What Are Refined Sugars?


When most people think of sugar, they probably imagine a fine white powder. In reality, sugar does not exist in this form in nature, and it takes an extensive process of refining to yield such a concentrated final product. Along the way, all the other nutritional benefits of the original sugar source are lost. The super concentrated refined sugars are absorbed quickly upon consumption and contribute to several types of diseases and health risks.


  • Almost all of the sugar consumed in the United States originates as sugar cane, which accounts for about 60 percent of the sugar. Sugar beets account for about 40 percent. Sugar cane is grown primarily in the tropical and subtropical regions of the world where temperatures and humidity are high. Sugar beets are grown in more temperate zones. Other sources of sugar include fruit (fructose), honey, sorghum and the sugar maple tree.

Refining Process

  • The juices of sugar cane and sugar beets contain natural sucrose. This natural sugar is concentrated through a refining process that involves numerous cycles of washing, boiling, centrifuging, filtering and drying. The initial result is "raw" sugar, which is not actually raw but has yet to undergo the final stages of refining. Sugar left at this stage is sometimes steamed for sanitization and sold as turbinado.


  • All white table sugar at one point was similar to turbinado; that is, brownish in tint and consisting of larger, rougher individual crystals. The final stages of the refining process involve the use of bleaching agents like lime or carbon dioxide to whiten the sugar and passage through a bone char filter to remove any other impurities. "Pure" sugar, as it is often labeled, refers to the chemical purity of the product and its lack of other nutrients, not a particularly natural or wholesome state.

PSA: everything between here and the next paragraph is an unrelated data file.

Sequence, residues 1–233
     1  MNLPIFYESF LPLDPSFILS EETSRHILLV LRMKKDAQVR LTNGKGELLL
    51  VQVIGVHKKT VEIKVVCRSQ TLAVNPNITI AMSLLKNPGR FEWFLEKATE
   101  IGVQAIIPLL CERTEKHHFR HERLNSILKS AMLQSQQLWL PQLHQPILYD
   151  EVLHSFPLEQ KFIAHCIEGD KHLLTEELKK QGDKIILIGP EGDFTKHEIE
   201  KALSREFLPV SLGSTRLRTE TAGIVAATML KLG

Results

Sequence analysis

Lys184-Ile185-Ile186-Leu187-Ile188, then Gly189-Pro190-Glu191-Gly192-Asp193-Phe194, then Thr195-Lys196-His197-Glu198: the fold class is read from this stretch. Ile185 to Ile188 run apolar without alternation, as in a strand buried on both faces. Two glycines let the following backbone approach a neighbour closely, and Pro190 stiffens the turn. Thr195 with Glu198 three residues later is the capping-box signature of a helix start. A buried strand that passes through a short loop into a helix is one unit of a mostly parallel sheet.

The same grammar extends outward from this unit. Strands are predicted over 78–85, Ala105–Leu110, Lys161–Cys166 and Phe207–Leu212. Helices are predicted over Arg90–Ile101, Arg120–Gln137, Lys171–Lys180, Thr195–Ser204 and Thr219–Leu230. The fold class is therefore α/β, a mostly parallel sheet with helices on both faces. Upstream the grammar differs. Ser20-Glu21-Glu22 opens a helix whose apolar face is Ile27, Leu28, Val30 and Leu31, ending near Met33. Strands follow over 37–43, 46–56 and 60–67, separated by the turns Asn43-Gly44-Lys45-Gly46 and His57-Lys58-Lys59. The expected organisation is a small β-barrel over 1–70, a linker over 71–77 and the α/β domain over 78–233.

Health Risks

  • Excessive consumption of refined sugar poses several potential health risks including type 2 diabetes, obesity and tooth decay. Refined sugar has a high glycemic index rating, meaning it has a fast and pronounced effect on blood sugar. It produces the well known "sugar high" that is inevitably followed by a crash, a fluctuation that can disturb the body's ability to regulate blood sugar over a lifetime. Refined sugar is also what are known as "empty calories," meaning they are calorically rich (and therefore fattening) while providing virtually no usable nutrition. Refined sugar also feeds bacteria and germs on teeth that permanently break down the enamel.


  • There are many ways to enjoy the sweeter things in life without including a lot of refined sugars in your diet. Many raw fruits and vegetables contain natural sugars in quantities and forms that don't produce unmanageable spikes in blood sugar or result in weight gain. Natural sweeteners like agave, honey and stevia can be used in places where you'd otherwise add refined sugar or a chemical substitute.


  • Photo Credit Fritzs:wikimedia.org
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